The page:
Design-build focuses on combining the design, permit, and construction schedules in order to streamline the traditional design-bid-build environment.
This does not shorten the time it takes to complete the individual tasks of creating construction documents (working drawings and specifications), acquiring building and other permits, or actually constructing the building. Instead, a design-build firm will strive to bring together design and construction professionals in a collaborative environment to complete these tasks at the same time.
Typically the hallmark of a Design/Build project is that one organization is responsible for both design and construction of the project. If this organization is a contractor, the process is known as “Contractor-led Design-Build”. If the organization is a design firm, the process is known as “Design-led Design-Build”. In either case, the organization employed by the owner rarely handles both aspects of design and construction in-house. In fact, the organization often subcontracts with on-site personnel (if design-led) as well as architects and engineers (if contractor-led).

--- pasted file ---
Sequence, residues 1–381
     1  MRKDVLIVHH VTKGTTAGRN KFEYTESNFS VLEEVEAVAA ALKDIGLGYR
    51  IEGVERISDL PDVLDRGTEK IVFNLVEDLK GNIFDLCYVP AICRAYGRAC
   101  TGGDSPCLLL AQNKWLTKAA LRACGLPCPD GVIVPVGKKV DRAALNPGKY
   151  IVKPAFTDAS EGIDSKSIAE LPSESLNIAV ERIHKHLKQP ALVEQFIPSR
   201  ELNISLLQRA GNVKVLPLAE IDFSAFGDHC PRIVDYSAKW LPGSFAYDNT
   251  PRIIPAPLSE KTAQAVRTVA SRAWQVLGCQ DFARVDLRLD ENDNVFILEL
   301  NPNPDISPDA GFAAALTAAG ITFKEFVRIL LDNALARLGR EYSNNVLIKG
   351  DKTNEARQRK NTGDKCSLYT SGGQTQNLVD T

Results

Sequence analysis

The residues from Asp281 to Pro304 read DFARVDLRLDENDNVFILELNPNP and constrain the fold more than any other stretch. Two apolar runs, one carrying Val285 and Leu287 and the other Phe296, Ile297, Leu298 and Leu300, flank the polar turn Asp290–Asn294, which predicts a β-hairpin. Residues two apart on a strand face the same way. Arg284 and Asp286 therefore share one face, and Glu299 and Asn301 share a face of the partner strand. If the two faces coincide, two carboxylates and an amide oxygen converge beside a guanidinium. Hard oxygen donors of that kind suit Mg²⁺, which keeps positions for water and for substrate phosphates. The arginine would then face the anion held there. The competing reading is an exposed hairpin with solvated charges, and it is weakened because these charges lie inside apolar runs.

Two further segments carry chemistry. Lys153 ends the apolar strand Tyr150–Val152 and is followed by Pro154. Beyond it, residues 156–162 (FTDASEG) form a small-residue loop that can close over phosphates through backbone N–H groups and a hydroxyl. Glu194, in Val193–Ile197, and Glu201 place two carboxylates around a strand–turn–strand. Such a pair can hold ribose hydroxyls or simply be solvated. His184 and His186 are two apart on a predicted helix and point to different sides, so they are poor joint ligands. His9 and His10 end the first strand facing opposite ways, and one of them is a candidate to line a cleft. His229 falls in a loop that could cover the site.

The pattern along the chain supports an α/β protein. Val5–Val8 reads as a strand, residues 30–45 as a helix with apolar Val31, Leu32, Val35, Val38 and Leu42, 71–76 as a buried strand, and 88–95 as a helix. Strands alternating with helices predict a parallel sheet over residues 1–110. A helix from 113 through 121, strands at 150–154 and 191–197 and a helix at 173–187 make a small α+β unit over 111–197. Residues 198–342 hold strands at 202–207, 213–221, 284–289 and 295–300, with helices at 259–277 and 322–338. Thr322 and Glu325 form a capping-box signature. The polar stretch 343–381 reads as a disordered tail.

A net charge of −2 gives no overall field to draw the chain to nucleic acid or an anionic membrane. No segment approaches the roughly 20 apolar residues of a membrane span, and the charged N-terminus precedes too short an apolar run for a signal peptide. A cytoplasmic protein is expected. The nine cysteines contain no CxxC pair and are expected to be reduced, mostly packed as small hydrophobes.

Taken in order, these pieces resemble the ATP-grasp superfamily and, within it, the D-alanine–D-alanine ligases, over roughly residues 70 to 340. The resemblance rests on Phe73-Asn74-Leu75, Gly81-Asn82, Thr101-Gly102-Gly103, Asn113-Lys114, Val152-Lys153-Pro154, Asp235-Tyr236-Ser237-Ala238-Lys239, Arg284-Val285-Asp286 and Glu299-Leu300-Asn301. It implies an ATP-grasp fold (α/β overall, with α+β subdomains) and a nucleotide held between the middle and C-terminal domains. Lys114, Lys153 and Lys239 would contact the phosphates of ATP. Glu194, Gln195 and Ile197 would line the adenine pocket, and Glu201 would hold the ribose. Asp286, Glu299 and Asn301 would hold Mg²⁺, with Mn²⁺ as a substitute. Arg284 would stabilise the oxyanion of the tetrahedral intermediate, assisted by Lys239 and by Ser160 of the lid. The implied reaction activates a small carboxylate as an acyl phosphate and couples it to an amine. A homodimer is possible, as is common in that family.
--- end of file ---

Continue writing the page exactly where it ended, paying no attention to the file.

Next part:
Cost estimating for a design-build project is sometimes difficult because design documents are often preliminary and may change over the course of the project. As a result, design-build contracts are often written to allow for unexpected situations without penalizing either the Design-Builder or the owner. Several organizations (such as the Design/Build Institute of America) provide standardized form contracts for design-builders to use, but it is not unusual for the design-builder to provide its own contractual documents.